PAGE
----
Gazprom Announce a stop at Russian gas Close to Europe Nord Stream 1, which is the pipeline that transports gas to Germany and the rest of Europe, including Italy. The Russian state company reported that pumping activities at the Portovaya LNG plant, northwest of Saint Petersburg, have stopped. Remember to note that a leak has been detected in the northern turbines of the Portovaya plant, and therefore it cannot operate safely due to its damage. For this reason, the text continues without indicating the date of reopening, and the station will remain closed until the necessary repairs are made. Let’s see how supplies have changed in Italy: now where does the gas come from?
This is not the first “failure” announced by Gazprom
Gazprom had already suspended the flow of gas to Europe by announcing that it would resume on September 4. However, another breakpoint was received due to a spill that damaged the turbines. Gazprom showed itself on its own channel cable error image. Russia claims that sanctions prevent the return of a Siemens turbine that was sent to Canada for repair, while Germany, where the turbines are located, ensures that Moscow prevents the return of this master piece.
interruption Nord Stream 1 It’s the latest in a long line of problems. The infrastructure had already stopped for scheduled maintenance of the turbines from July 11-21 and then restarted, but with about 40 percent less capacity than the normal rate. By the end of the month, the flow had fallen further to 20 percent, to about 38 million cubic meters per day, compared to 66 in the weeks prior to maintenance.
Even earlier, in mid-June, the Russian energy giant announced that gas supplies can only be guaranteed with a volume of 100 million cubic meters per day, instead of the expected 167 million cubic meters. Between the end of April and mid-May, the taps were closed in Bulgaria, Poland, the Netherlands, Denmark and Finland, due to non-payment in rubles as requested by the Russian authorities.
The new status of gas supplies to Italy
Low deliveries through Nord Stream Together with the reduced flow of gas through Ukraine, they are putting Italy and other European countries in serious difficulties. The challenge is filling storage tanks for the winter, the time of year when the most gas is consumed, as many governments have prepared contingency plans that also include rationing, in case the need is urgent. On this front, the good news is that the average storage capacity of the European Union has reached around 80 per cent of its capacity.
According to Agsi data processed by today, Italy currently holds 82.5 percent of storage capacity, in line with government expectations of reaching at least 80 percent by November. In general, gas supplies from Russia to Europe are declining: according to the data إنthe European Association of Gas Transport Operators, delivered gas in August 63.2 percent less than it did in October 2021.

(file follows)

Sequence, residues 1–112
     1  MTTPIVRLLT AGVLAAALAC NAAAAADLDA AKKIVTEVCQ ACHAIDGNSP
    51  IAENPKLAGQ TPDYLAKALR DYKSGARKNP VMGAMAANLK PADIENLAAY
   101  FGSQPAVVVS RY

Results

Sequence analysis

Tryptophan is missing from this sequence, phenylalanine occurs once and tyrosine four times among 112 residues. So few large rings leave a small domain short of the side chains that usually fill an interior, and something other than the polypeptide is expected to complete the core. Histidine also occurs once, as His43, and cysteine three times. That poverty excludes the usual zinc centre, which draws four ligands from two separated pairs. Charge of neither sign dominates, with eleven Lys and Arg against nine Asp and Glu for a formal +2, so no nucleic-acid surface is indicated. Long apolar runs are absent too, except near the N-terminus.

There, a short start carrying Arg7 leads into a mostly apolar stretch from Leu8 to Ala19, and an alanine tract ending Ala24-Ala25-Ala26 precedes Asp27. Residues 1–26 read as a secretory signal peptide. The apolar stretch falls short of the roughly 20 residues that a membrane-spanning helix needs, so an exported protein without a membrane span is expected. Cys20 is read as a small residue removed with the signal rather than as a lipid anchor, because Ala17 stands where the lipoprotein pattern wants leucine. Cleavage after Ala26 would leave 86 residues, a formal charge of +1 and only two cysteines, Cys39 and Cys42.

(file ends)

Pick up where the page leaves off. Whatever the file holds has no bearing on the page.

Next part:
And what about Italy? After the government launched the policy of freedom from Russian supplies, along with the cuts decided by Gazprom, our country in fact changed energy partners, replacing gas from Russia with gas from other countries. If in 2021 Russia is the country on which Italy depends most for gas, this is no longer the case: we have gone from 40% of total supplies last year to 23.6% currently, according to the latest data provided by the Ministry of the Environment. Move handled by today Regarding the period between January and July 2022. Now, the country from which Italy imports the most gas is Algeria where 29.6 percent of the supplies come from the Mazara del Vallo pipeline, transmed.
The difference between January and July 2021 and January and July 2022 is clear: Italy imported 38.2% less gas from Russia via the Tarvisio pipeline, to offset the increase in supplies from Algeria (+3.3%), Norway and the Netherlands (355.9%) and Azerbaijan (73.2%). ) and liquefied natural gas (LNG) which increased by 27.8%. With the update of the data, the Russian percentage of the total Italian supply will decrease, possibly even reaching zero.
Where are the gas pipelines and where does the gas come from in Italy: the map
Gas distribution in Italy is managed by Snam thanks to a network of gas pipelines that cover the country in a capillary fashion. Where does gas come from in Italy? Gas arrives from abroad from 5 main entry points on the national territory, in agreement with the gas pipelines of:
- Tarvisio, Friuli Venezia Giulia: Here comes all the Russian gas, by TAG (gas through Austria) which transports gas from Russia to Italy via Ukraine, Slovakia and Austria. It has a second “branch” that enters Italy in Gorizia, passing through Slovenia;
- Passo-Grace, Piedmont: this is where the gas that arrives from the North Sea fields passes through the Transit Gas, the gas pipeline from Norway and the Netherlands;
- Mazara del Vallo, Sicily: here it comes transmed which connects Algeria with Italy via Tunisia to the Mazara del Vallo entry point. Algeria is so far the first country to export gas to Italy.
- Gela, Sicily: Another gas pipeline from Africa reaches Gela, B GreenstreamComing from Libya. This is the longest gas pipeline in the Mediterranean.
- Melendugno, Puglia: in Puglia there is a tap (Trans-Adriatic Pipeline) which transports Azerbaijani gas to Northern Europe.
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